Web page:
Friday, November 24, 2017

Review of; "James: A Commentary on the Greek Text" by William Varner

James: A Commentary on the Greek Text. By William C. Varner. Fontes Press, 2017, 423 pp. ISBN: 1-948048-01-9, $19.95.

Dr. William C. Varner is Professor of Bible and Greek at “The Master’s College” and has published books, many academic journal articles, book chapters, and has written commentaries on the Greek text of the New Testament. His latest work is a new edition of his earlier commentary on the New Testament book of James. This new edition improves the previous edition which is no longer available in print (Forward, xv). Some of the improvements of this edition are his treatments of the new NA28 variant readings as well as references to the text of the Society of Biblical Literature Greek New Testament (SBLGNT), the Greek text of the NIV2011, and the new Tyndale House Greek New Testament (THGNT). Varner also references the new “Brill Dictionary of Ancient Greek” (GE), and, where relevant, the new Christian Standard Bible (CSB). For those who may own the earlier edition of his James commentary, these features, coupled with the affordable price, would alone justify purchasing this newly updated edition.

The main draw to this commentary is the originality of the work. Varner’s comments are focused and bolstered by a fresh examination of the Greek text in a top-down combination of the discourse level and sentence, phrase, and word syntax. Unlike some commentaries on the market, Varner’s work does not get bogged down in re-quoting, and re-treading the ground of previous commentaries (however useful this may be). The discussion revolves around the outline of James, which was determined by noting each place where a “cohesive device” was used. Varner wrote that James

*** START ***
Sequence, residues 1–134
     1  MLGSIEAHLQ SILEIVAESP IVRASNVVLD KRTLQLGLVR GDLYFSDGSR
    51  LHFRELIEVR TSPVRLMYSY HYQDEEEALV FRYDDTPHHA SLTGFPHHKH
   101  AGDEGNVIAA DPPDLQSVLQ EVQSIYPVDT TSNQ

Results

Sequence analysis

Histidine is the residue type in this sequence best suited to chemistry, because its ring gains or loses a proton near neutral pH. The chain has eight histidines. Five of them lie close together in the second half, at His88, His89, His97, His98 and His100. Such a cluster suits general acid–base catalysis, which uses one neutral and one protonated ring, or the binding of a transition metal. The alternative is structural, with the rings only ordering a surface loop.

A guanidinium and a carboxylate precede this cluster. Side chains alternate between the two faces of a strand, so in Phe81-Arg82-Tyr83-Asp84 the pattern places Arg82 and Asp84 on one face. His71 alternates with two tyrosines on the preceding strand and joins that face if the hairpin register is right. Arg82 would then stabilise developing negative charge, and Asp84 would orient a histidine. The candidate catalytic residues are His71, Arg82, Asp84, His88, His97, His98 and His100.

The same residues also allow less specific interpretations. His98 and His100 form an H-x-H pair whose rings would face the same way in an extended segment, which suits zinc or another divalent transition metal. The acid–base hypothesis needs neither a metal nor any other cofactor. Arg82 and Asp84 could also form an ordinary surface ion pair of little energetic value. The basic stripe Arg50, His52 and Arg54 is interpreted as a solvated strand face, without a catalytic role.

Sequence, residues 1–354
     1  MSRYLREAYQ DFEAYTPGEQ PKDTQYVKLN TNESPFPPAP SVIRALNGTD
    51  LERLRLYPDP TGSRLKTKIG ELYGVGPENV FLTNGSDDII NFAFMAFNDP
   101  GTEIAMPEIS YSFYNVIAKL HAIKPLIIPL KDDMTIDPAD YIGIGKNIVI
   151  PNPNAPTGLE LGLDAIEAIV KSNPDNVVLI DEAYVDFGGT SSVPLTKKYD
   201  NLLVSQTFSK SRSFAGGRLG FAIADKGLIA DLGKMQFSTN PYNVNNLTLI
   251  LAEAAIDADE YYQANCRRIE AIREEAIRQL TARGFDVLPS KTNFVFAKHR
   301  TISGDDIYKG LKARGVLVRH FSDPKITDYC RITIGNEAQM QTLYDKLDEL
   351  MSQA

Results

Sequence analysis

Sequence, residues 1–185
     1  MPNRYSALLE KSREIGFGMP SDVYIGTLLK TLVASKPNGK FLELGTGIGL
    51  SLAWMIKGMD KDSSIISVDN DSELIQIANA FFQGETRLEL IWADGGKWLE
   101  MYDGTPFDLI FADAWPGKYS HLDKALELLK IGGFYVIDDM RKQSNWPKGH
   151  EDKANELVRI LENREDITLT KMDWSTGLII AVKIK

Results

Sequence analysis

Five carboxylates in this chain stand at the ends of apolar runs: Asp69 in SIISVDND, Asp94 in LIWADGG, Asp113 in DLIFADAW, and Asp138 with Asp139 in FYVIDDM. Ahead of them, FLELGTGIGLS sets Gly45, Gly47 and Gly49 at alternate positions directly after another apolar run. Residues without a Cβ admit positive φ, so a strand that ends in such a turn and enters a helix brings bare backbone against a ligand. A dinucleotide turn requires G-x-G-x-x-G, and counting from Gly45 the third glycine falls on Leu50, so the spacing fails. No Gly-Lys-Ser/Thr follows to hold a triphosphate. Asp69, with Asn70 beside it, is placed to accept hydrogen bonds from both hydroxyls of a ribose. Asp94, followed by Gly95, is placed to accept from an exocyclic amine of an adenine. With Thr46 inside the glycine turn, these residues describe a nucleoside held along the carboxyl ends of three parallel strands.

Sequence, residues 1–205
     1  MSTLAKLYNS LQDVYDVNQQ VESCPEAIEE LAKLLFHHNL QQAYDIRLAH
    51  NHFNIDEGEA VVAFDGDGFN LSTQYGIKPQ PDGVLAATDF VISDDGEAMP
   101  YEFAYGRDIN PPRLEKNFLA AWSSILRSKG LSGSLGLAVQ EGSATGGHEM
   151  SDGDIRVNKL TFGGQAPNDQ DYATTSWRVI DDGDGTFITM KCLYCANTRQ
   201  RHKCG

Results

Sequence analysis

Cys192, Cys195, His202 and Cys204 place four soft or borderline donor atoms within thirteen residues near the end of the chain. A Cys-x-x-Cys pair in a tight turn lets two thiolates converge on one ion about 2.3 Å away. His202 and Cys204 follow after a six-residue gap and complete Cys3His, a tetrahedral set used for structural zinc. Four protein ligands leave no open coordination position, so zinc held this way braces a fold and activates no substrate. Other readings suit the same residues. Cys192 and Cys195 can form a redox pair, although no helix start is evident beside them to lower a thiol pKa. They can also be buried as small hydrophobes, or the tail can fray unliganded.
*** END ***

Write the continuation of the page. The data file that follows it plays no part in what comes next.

“uses a cohesive device that cements his hortatory written discourse together much like a good preacher organizes and presents his material in a progressive manner by a coherent outline, sometimes with a repetitive device like alliteration. That cohesive device is his use of the direct address word “brothers” accompanied by either an imperative command or by a rhetorical question.” (pg. 38)
Each point on the outline is dealt with in the following manner. First the Greek text is quoted from the NA27 (cf. pg. 2). Then, if there are any textual issues these are discussed under the paragraph heading “Textual Notes.” Following this is a segment entitled “Sentence Flow and Translation” where a flowing translation is given and the text is indented to show sentence structure. Varner next gives any relevant historical background under the “Context” section. And finally, the bulk of the commentary is found under the heading of “Exegetical Comments,” where Varner brings a detailed discussion of each phrase and key word in the Greek. Throughout these subheadings Varner brings insight from the Old-Testament, Apostolic fathers, papyri, and other extra-biblical literature.

The only minor criticism that I have with the commentary has to do with some of the terminology used. Throughout the commentary Varner refers to “text-types,” such as “Alexandrian, Western, and ‘Majority,’ textual traditions” (pg. 3). The theory of text-types has largely been abandoned by most textual scholars, especially those at the INTF who produce the NA28 (see the relevant essays in the 2nd edition of “The Text of the New Testament in Contemporary Research: Essays on the Status Quaestionis”). However, this terminology is not prohibitive and may still be useful in referring to groups of similar manuscripts and does not detract from the excellent coverage of textual issues and transmission history of James.